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Exploring learning disabilities: supporting belonging
Exploring learning disabilities: supporting belonging

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2 The role of special education

Before the passing of the Education (Handicapped Children) Act 1970, thousands of children with learning disabilities were being educated in special schools. Many of these schools had been set up by parents, desperate to ensure that their children could access education that would not otherwise be provided by the state (Rolph, 2005). As you saw in Activity 2, a high number of children with special educational needs continue to be taught in segregated settings – in fact, the numbers are rising.

The image shows an outside view of a special school.
Figure 1 Special schools have a long history and continue to be popular with some parents

Activity 3 Reasons to choose special education

Timing: Allow about 5 minutes

Can you think of a reason why a parent might continue to opt for a special school for their son or daughter?

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Answer

Clare Palmer, mother of Elinor, who you met in Sessions 1 and 2, said: ‘As a parent of a child with profound learning disabilities, without words, needing total personal care, without the motor skills to hold a pen, without the understanding of what a pen is, what I most wanted was a good special school.’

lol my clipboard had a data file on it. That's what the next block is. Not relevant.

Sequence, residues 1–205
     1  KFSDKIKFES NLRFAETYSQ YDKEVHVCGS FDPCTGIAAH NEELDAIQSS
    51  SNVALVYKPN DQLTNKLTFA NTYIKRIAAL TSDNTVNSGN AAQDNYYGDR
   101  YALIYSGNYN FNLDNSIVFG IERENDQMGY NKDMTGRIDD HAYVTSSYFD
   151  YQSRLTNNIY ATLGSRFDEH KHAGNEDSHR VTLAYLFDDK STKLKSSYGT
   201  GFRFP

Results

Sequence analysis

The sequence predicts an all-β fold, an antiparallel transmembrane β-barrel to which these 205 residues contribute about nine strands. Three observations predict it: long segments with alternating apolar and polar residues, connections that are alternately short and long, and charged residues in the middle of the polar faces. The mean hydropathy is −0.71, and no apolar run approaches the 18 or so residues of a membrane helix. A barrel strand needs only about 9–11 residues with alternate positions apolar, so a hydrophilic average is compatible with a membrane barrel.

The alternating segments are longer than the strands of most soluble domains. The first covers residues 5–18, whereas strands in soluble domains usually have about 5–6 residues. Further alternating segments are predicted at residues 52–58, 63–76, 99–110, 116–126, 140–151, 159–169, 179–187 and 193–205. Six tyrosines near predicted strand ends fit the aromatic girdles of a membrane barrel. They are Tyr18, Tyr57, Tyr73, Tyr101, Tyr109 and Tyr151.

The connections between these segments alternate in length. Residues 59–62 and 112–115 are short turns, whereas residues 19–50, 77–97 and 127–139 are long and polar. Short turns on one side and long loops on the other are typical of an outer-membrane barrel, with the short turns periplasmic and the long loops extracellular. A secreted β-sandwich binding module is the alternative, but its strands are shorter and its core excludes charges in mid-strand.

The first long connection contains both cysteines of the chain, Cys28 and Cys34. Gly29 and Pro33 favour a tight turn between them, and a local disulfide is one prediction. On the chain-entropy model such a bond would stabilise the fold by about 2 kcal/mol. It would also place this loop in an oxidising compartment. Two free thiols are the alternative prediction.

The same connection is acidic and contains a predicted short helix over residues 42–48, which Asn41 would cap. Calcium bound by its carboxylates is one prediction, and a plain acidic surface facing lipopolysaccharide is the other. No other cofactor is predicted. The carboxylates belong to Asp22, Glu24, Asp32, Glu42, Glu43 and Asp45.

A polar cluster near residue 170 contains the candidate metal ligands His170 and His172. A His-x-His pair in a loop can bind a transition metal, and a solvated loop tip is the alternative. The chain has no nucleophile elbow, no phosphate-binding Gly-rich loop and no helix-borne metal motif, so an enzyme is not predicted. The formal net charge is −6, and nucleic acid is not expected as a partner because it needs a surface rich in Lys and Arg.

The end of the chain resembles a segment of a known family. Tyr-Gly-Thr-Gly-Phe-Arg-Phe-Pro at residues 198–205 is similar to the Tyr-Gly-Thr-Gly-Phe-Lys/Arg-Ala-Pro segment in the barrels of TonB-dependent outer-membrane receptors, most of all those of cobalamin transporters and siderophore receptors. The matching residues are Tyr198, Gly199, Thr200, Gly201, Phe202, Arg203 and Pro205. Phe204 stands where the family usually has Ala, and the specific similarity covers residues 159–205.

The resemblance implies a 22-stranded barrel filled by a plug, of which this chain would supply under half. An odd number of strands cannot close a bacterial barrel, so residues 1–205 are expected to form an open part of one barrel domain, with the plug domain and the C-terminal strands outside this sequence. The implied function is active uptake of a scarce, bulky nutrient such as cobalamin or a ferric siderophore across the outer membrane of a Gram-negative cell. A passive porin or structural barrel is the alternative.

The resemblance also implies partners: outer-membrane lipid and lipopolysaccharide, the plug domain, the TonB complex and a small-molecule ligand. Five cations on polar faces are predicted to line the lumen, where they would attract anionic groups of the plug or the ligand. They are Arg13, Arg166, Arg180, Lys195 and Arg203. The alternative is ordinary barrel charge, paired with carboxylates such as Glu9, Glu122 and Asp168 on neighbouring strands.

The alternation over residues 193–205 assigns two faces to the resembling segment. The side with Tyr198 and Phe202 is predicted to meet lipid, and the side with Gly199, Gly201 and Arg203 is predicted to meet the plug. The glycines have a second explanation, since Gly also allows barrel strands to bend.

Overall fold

Parents are often persuaded that special schools will provide an education more tailored to their child’s needs, in an environment that will be more nurturing. Some parents have concerns that their children may find it more difficult to develop friendships in mainstream school and that they may be subjected to greater levels of bullying. Cuts to school budgets have also created a climate in which fewer mainstream local schools appear to be equipped to effectively support disabled students. For all of these reasons – and others – many parents continue to seek places for their children in special schools.

The movement to inclusive education for children and young people with learning disabilities has been controversial. While most people acknowledge the right to an inclusive education for children with learning disabilities, there is a lot of debate about how well it works in practice. Even Baroness Warnock, whose 1978 report was instrumental in the shift towards inclusive education, later expressed concerns about the isolation, marginalisation, unhappiness, bullying and disaffection experienced by children and young people with learning disabilities in mainstream settings.